In this way, we could see that individuals are pressured into working to their max: when an entire group is working on the same section of a project, seeing exactly who has produced what is ambiguous: when each individual makes their own contribution it is not. When each person in a group is forced to work on their own they are removed from their sociable group environment and therefore social loafing can be minimized. Some concluding remarks: the topic of solutions to combat the disadvantages of teamwork are very subjective as there are many different solutions, all perfectly valid but all in conflict with each other.

I believe much depends on the context and the conditions under which the group is operating. Many conditions that a manager could put a team under would have different effects depending on the group’s size and whether or not they are in competition with another group. This impacts hugely on group identity to which we could conclude that smaller groups or those groups which do not contain many members are less influenced and less motivated by a group identity or social group aspects, and the opposite is true of larger or competing groups.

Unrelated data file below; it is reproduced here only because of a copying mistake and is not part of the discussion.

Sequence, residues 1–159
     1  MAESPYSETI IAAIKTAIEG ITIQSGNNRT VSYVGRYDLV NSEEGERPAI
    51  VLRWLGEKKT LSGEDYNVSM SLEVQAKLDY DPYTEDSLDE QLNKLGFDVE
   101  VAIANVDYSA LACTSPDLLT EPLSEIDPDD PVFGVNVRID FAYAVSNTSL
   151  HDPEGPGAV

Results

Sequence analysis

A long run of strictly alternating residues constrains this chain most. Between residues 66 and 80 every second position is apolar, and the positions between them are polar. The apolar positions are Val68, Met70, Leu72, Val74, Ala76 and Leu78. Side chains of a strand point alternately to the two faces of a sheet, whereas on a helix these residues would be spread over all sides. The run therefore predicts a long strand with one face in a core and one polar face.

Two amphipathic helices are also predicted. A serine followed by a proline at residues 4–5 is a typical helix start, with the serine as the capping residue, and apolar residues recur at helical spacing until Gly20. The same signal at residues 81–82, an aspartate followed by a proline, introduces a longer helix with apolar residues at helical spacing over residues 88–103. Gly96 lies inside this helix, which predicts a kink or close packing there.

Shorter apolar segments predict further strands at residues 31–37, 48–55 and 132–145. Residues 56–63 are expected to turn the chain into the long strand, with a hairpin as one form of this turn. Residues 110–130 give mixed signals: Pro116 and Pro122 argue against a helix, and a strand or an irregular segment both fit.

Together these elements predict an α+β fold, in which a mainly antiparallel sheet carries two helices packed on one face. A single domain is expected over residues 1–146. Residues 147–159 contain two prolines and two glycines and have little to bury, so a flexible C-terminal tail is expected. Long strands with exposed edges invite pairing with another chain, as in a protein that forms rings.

We must not forget that people all possess different personalities, and therefore whilst introducing super-ordinate goals into a team of extroverts to discourage too much sociable behaviour, in the scenario of a group of introverts it may be more feasible to encourage more group interaction and making the team members work together, rather than on individual projects or objectives. The compatibility of some theories to different group scenarios depends upon the objectives of the group.

For example, a group of people working for a newspaper company might perform better by all having individual objectives to interview different people and compile their findings individually and only combine all their information at the end of the project to write the article. On the other hand, setting individual super-ordinate goals would not work in a raft building scenario in the outdoors due to its hands on nature, requiring many people to work on one objective rather than individuals working on multiple objectives. In the end, the correct solution to choose to combat the disadvantages of teamwork depends on the extent to which the solutions can be instigated, and how compatible they are with the specific problem or scenario. There are no right or wrong answers.